Mathematics Stack Exchange is a question and answer site for people studying math at any level and professionals in related fields. It's 100% free, no registration required.

Sign up
Here's how it works:
  1. Anybody can ask a question
  2. Anybody can answer
  3. The best answers are voted up and rise to the top

$$\frac{(1+i)(\sqrt{3} + i)^3}{(1-\sqrt{3}i)^{3}} = 1-i$$

What confuses me is how would I do the numerator because I have two expressions.

share|cite|improve this question
Hint: Was the term on the left supposed to equal the term on the right or are you supposed to simplify the entire expression? Anyway, you can use DMT on the denominator first, and then simplify the remaining fraction (the numerator and denominator) and then clean up whatever remains. Is that clear? Good luck! – Amzoti Dec 21 '12 at 22:47
In the problem it is on the denominator ((1-isquareroot(3))^3 they are not separated. – Fernando Martinez Dec 21 '12 at 22:50
Also on the numerator it is (1+i)(square root3+i)^3 I am not sure if I forgot to add the 3 exponent. – Fernando Martinez Dec 21 '12 at 22:53
Please help ayuda. I am unsure how to solve I tried multiplying out the numerator but I still have issues. – Fernando Martinez Dec 21 '12 at 22:54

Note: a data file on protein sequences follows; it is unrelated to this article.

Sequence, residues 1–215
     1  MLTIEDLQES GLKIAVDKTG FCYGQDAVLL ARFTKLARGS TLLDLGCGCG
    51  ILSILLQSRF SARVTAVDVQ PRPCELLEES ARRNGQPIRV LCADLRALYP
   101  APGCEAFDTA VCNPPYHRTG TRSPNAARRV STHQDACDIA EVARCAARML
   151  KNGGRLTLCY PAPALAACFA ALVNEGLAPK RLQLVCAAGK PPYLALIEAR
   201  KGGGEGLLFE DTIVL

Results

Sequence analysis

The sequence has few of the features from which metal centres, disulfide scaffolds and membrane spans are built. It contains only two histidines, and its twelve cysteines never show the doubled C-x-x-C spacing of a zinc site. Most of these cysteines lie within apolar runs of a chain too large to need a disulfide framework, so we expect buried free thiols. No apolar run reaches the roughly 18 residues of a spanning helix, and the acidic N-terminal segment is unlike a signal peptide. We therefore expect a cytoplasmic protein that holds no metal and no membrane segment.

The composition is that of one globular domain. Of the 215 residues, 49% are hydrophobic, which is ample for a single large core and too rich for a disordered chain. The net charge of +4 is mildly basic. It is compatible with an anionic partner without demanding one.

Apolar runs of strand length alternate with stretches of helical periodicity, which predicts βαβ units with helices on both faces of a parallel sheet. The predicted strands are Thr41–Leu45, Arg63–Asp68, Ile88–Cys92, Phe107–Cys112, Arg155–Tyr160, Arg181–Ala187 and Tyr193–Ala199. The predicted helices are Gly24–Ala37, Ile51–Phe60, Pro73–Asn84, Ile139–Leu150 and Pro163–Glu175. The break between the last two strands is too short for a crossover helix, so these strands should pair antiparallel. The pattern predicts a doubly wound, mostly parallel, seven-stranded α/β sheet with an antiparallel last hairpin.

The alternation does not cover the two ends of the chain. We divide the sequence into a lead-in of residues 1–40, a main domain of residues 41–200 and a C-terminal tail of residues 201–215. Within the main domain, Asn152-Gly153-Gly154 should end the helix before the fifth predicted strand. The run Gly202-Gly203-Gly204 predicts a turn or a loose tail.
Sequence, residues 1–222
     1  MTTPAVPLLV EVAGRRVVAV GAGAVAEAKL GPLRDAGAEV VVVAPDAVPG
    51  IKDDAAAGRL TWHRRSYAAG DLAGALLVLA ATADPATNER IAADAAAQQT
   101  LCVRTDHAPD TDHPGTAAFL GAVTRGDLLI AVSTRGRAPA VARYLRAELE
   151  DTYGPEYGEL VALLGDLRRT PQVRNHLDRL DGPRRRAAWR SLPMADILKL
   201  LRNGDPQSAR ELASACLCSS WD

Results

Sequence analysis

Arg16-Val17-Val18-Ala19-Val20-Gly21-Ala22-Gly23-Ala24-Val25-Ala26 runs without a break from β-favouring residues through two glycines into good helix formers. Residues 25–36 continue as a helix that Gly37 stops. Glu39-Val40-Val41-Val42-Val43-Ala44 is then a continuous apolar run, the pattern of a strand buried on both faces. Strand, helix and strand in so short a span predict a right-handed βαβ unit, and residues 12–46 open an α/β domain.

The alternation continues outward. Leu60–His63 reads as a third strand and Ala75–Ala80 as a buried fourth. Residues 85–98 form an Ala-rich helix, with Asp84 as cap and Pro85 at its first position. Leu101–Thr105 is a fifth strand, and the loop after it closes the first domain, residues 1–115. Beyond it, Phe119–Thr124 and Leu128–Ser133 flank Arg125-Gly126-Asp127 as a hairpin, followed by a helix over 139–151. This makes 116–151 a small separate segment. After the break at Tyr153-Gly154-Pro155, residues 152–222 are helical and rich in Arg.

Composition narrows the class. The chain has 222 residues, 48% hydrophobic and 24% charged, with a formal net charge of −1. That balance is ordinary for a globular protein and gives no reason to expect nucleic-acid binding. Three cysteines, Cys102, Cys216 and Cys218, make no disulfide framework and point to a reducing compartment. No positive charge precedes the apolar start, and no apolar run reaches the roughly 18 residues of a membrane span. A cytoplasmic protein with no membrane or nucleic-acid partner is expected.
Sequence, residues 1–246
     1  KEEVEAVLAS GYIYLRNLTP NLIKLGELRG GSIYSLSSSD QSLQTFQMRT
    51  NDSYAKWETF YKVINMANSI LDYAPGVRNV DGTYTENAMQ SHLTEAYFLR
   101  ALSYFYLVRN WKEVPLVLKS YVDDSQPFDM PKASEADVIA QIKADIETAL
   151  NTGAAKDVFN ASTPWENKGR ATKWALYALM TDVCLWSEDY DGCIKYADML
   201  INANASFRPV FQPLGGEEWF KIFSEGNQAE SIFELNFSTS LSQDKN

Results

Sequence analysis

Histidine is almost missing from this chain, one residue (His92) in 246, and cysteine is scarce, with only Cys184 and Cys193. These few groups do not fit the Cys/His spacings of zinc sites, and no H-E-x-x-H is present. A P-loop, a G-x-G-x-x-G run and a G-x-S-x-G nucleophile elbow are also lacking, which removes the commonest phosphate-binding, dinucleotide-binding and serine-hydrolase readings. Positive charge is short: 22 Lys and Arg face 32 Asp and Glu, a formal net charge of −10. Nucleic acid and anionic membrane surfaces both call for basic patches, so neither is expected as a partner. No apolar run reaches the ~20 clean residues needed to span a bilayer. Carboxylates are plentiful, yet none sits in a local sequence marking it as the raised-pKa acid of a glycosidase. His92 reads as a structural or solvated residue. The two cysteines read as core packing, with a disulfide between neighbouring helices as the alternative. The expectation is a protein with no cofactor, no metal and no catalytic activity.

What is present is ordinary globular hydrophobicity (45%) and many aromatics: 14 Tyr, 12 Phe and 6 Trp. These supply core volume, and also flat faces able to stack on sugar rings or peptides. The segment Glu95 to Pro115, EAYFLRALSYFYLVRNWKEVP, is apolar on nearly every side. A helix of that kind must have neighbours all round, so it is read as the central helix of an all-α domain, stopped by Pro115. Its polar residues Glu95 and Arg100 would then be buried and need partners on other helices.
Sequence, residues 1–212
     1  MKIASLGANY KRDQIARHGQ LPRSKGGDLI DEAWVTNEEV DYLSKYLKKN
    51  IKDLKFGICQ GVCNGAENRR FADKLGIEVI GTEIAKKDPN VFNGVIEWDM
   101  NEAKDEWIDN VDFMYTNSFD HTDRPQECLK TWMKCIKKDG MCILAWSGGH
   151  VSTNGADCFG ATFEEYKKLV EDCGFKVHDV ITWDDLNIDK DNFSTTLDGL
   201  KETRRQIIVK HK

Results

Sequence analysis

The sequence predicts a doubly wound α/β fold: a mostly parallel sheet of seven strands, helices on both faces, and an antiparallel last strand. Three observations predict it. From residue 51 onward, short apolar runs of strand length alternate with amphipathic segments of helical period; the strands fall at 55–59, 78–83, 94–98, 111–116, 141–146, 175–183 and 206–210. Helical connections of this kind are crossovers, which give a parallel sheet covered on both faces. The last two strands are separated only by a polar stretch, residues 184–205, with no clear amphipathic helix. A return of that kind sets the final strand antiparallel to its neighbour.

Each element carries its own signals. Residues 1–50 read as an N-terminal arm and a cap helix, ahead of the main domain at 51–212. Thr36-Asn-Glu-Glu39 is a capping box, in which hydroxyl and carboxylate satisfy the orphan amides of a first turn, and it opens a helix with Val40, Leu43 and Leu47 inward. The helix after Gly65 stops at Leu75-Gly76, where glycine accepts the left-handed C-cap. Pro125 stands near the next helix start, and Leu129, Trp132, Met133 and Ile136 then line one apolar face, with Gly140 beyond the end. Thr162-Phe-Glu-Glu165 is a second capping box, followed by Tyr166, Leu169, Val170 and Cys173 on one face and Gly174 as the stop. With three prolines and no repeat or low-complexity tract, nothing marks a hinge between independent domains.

Give me a sec to correct the problem. Is the problem correct now? – Amzoti Dec 21 '12 at 22:57
up vote 2 down vote accepted

$1+i=\sqrt 2 (\cos(\frac{\pi}{4})+i\sin(\frac{\pi}{4}))$

$ \sqrt3+i=2(\cos(\frac{\pi}{6})+i\sin(\frac{\pi}{6})) $

$ 1-i\sqrt3=2(\cos(\frac{-\pi}{3})+i\sin(\frac{-\pi}{3})$

Then you can simply apply De Moivre's theorem:

The numerator becomes $8\sqrt2(\cos(\frac{9\pi}{12})+i\sin(\frac{9\pi}{12}))=8\sqrt2(\cos(\frac{3\pi}{4})+i\sin(\frac{3\pi}{4}))$

The denominator becomes $8(\cos(-\pi)+i\sin(-\pi))=-8$

So the fraction is equal to $-\sqrt2(\cos(\frac{3\pi}{4})+i\sin(\frac{3\pi}{4}))=1-i$

share|cite|improve this answer
Very good answer. – Fernando Martinez Dec 22 '12 at 0:17
Thank you, a good thing to keep in mind with this kind of question (I think) is the unit circle and how $\sin$ and $\cos$ appear in it. Then it shouldn't be too much of a problem to find the arguments and moduli of the terms and apply De Moivre's Theorem. – user50407 Dec 22 '12 at 0:22

Your Answer


By posting your answer, you agree to the privacy policy and terms of service.

Not the answer you're looking for? Browse other questions tagged or ask your own question.